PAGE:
3. kaitlyn

    Hm. While I do think that Ephesians sets up some clearly defined roles for men and women, and I do believe that it can be highly beneficial for the woman and male in a relationship to have their specific “roles; I do not think that has to be a negative thing.

    For me, personally, my greatest goal is to be a mother and a wife. I truly want my life’s work to be providing everything I can for my husband and children (God willing). However, read that last sentence again– could that not be said for a housewife, a Mr. Mom, and a working mom? I cannot see any distinction that would make that false.

    I love that you mention you want your children to know the man you married. That will stay with me for a very long time- how very true!

    1. Rae Post author

      I sometimes think that Ephesians might be better when kept conceptual rather than applied literally in a cultural context completely different from that in which it was written.

      I completely agree with you on your greatest goal. I can’t think of a higher one. :-)

  4. Kacie

    I totally relate to that struggle! I am putting my husband through seminary now, helping him reach his dream vocation that he is uniquely gifted for.

    In the last three years I have intensely struggled with my own disatisfaction with work, desire to find a career that I am uniquely gifted for, and in general a lot of job angst. It’s odd because people are okay with that from me because I don’t have kids yet, so it doesn’t bother them that I work or that I am paying for Isaac’s school. Most people really don’t understand, though, why I struggle so in this journey to find my vocation.

    I say again and again when people ask for greater detail in order to understand, “Okay, picture a guy that’s graduated from college, working an entry-level job and really struggling to find the career that will be fulfilling and truly use him to glorify God by using the unique skills that God has given him. We see that all around us, and we encourage those guys to not settle for second-best, but to really reach their full potential. Okay. That’s me. Yes, I am female, but I have the same desires and longing to be fulfilled in a work. ”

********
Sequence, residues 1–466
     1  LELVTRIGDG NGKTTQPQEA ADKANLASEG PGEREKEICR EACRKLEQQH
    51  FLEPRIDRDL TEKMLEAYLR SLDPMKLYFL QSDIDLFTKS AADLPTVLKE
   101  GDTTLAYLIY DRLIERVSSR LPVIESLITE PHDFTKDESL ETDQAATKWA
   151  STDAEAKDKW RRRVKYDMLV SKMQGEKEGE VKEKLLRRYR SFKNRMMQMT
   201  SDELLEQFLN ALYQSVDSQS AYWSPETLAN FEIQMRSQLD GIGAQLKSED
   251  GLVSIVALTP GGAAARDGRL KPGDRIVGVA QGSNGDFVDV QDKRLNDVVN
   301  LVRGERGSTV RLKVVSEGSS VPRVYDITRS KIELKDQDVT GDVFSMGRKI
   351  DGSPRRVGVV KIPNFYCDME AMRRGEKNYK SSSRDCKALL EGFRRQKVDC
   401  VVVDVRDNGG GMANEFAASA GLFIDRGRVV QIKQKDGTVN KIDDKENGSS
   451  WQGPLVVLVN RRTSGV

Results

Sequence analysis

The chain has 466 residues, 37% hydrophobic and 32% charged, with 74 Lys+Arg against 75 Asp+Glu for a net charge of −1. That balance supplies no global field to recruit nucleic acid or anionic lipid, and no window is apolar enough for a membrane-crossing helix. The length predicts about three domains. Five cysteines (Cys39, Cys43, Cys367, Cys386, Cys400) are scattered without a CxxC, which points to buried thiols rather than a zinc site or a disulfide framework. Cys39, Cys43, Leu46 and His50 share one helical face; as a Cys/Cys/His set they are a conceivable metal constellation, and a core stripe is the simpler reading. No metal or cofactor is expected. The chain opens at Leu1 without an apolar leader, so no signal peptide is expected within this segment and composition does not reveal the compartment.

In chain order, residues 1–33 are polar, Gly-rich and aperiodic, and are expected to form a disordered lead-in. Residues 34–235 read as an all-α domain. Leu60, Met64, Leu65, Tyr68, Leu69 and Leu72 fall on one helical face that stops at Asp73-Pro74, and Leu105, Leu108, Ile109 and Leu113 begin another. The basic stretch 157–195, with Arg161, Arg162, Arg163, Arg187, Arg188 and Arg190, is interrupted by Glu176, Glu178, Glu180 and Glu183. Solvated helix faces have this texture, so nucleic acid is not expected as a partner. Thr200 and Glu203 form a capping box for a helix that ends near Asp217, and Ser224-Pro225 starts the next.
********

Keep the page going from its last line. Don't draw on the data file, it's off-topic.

*sigh*. It’s still a struggle to help people to understand. And I have no idea how to work motherhood into it. I will in a few years, and I would like to find a way to work my career into a part-time thing while I mother, and then pick it back up full-time when they are out of the house.

    1. Rae Post author

      That is tough. It is sad that you have to tell people to picture you as a guy in order for them to understand you as human! But hopefully you will have more freedom to figure out your vocation once your husband is done with his school. Of course you are right that motherhood will then complicate things, but I can hope that at least some things will be easier while others get harder, right?

  5. Trena

    Great post. I would love to stay home full time with my daughter. But in order to do that my husband would have to work a full and part-time job. And well, then he wouldn’t have time to be a father and a husband. So I decided to work part-time to help support our family. To me, it is more important to have a husband and father for my daughter then a full-time mom.

  6. Lerin

    What Michelle said! Wow, I could not possibly collect my thoughts so well this early in the morning.

    Yes, I think balance is very important. My husband has had the drive in the past to work extra jobs, and he did for a bit. When he really learned how I feel… that I would MUCH rather him be home on evenings/weekends than have cable, vacations, new clothes, a new car, etc… he stopped taking on the jobs. It can be hard in our materialistic, consumer-driven society to stand against that with a loud NO and live within our means, but it is absolutely necessary for a happy family. We are abundantly blessed that we actually CAN pay all of our bills for necessities on just my husband’s income. I know that isn’t true for everyone. But no amount of money would ever replace the hours he is here with us… or the hours I can spend in my true vocation as wife and mommy at home.

  7. Kacie

    Yeah, I really do get the struggle of building friendships in a new place! We met weekly with my community group here in Dallas for a full year after we moved here before it really started to click into place as deeper, intimate friendships. It is worth the time, but the initial lonely times are difficult!